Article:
Do it yourself
    28 November 2016


    How to spot fake news

    Before you hit Share on that shocking/hilarious/scandalous story you've seen on social media, it's best to check that you're not being fooled.

    Before you hit ‘Share’ on that shocking/hilarious/scandalous story you’ve seen on social media, it’s best to check that you’re not being fooled.

    There’s been a lot in the real news recently about fake news – stories on the internet that try to pass themselves off as fact, when really they're no more real than the Loch Ness Monster. Some fake news stories are intentionally funny and satirical, like this story and anything else on The Onion. But others are masquerading as actual news, with clickbait headlines that are designed to get you reading, and sharing.

    Nobody wants to be the guy who shares a post encouraging people to charge their iPhone by microwaving it, or drill a headphone jack into their iPhone 7. So before you share, check your facts. Here's how. 

    Here are 5 ways to spot a fake news story:

    1. Check what website you’re reading

    Many websites are blatantly satirical, such as The Onion and Private Eye. If you’re not sure, check the ‘About Us’ section. The Onion, for example, claims a global audience of 4.3 trillion, which should really get alarm bells ringing. (If it doesn't there's no hope for you anyway.)

    And even if you’re reading an article from a reputable source, Facebook may well offer you related stories from less reputable, fake news sites. Although these stories are often political, the aim of the writers and site owners isn’t really to change people’s minds – it’s to earn money from advertising when thousands of people are taken in and share the posts.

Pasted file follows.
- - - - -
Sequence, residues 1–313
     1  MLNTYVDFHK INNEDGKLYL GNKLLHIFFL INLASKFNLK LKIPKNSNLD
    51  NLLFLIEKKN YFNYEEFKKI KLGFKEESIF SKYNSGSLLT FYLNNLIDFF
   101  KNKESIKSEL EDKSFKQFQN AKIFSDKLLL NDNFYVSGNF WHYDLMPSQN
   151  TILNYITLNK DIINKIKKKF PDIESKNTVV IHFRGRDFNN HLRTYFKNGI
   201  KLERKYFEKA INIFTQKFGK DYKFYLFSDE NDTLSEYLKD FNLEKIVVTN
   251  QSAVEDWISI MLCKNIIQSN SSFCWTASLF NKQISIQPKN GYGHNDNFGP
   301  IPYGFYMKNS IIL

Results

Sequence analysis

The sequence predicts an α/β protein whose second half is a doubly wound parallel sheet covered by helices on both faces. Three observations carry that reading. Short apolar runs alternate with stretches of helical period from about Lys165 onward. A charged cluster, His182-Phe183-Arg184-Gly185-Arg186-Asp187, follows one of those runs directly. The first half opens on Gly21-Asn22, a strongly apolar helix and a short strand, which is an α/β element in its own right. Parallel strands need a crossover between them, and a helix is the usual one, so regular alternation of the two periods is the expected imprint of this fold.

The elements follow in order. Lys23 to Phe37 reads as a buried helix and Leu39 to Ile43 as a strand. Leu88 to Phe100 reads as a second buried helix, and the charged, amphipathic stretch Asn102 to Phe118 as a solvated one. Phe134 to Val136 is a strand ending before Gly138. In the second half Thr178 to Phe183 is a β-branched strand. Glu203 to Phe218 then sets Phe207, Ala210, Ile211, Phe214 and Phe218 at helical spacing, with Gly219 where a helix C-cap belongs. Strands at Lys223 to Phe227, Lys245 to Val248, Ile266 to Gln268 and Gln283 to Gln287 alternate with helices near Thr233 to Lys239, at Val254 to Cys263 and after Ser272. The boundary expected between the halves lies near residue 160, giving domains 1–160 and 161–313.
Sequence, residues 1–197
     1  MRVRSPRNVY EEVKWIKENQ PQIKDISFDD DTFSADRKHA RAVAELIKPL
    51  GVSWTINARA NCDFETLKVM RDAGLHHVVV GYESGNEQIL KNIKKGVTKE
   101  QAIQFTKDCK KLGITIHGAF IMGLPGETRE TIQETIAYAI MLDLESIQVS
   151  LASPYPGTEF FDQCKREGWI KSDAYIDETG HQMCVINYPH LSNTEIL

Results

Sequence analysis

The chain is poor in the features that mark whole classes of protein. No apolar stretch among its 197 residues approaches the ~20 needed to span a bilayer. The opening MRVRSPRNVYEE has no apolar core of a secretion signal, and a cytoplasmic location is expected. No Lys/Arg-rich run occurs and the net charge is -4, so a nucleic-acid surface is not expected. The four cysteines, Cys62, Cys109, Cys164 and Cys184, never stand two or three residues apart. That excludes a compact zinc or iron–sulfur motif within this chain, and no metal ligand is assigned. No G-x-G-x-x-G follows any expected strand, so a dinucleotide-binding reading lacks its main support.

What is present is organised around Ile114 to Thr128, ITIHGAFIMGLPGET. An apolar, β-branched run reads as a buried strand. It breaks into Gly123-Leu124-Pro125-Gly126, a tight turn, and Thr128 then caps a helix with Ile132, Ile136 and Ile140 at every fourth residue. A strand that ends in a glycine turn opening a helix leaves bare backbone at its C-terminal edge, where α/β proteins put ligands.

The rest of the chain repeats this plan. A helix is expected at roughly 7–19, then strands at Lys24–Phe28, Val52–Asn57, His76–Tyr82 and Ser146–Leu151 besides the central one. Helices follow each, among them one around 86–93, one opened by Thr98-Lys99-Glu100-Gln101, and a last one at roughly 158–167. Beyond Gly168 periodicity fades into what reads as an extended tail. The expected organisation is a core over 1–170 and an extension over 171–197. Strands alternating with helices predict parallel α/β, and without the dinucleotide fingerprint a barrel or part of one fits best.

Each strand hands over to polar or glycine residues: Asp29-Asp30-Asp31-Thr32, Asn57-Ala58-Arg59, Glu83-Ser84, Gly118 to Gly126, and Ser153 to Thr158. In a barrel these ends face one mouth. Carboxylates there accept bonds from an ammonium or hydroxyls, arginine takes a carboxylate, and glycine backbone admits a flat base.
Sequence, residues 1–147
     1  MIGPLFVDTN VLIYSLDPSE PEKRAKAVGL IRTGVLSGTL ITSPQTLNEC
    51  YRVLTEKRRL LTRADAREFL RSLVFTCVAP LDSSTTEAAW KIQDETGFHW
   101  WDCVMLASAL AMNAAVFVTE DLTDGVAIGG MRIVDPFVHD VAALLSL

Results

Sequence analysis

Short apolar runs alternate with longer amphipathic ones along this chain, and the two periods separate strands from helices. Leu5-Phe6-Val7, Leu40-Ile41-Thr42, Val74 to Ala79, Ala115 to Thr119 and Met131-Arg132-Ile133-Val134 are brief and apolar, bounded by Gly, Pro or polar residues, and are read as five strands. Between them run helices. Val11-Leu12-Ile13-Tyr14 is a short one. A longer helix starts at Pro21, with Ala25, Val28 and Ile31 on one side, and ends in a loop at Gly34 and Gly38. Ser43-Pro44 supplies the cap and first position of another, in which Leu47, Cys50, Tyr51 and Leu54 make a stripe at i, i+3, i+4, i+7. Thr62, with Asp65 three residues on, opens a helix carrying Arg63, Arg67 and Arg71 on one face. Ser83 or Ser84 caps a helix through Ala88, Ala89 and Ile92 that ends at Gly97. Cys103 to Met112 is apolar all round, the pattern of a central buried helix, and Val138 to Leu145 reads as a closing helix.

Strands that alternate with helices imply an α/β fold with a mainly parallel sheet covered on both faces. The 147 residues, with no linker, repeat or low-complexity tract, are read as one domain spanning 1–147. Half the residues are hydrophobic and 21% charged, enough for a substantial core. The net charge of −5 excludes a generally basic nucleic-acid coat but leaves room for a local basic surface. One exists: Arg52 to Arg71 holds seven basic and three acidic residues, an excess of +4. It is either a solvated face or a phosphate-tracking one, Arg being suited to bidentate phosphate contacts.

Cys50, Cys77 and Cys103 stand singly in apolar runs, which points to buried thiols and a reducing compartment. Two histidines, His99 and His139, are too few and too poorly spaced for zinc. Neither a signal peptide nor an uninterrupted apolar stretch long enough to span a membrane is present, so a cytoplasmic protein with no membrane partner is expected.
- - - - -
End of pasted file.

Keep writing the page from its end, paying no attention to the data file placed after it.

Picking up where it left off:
Other websites, such as the National Report, aren’t satirical, but are widely known to peddle fake stories. Five South African sites to be aware of are: T1mesLive (note the 1 in the name); African News UpdatesiMzansiLive Monitor and News24-TV.

    Some sites also try to trick you into thinking you’re reading a reputable site, such as CNN or Washington Post, by spoofing the domain name – check the URL to make sure you’re on the real site.

    2.  Read the other headlines

    If you’re not certain what kind of website you’re on, it’s worth checking what other stories they’re running. If they run along the lines of ‘Grandmother wrestles killer croc’ or ‘Cape Town sky really rains cats and dogs’, or there are numerous unlikely stories about celebrities or miracles diets, click away. 

    3. Google it

    Unsure whether something sensational is true? Search for a similar story on reputable news sites. If you can’t find it anywhere else, it’s more likely to be a falsehood than a global internet cover-up.

    If the story is based on a sensational picture, a handy trick is to take a screenshot of the picture (not the surrounding website). Go to Google Images, click on the little camera in the search bar, and upload or drag the screenshot. It will search the net for other places the image has been used, and can help identify the source.

    4. If it seems too crazy to be true, it probably isn’t

    Perhaps the best way to avoid being a sucker for fake news is to use your common sense. If you see a story about giant skeletons found in Saudi Arabia or an unexpected celebrity death, be suspicious.

    5. Check Snopes

    Snopes.com is all about spotting hoaxes and fake news stories – mostly those syndicated internationally. It’s a great place to start if you’re wondering if that way-out post your mom just put on Facebook can possibly be true.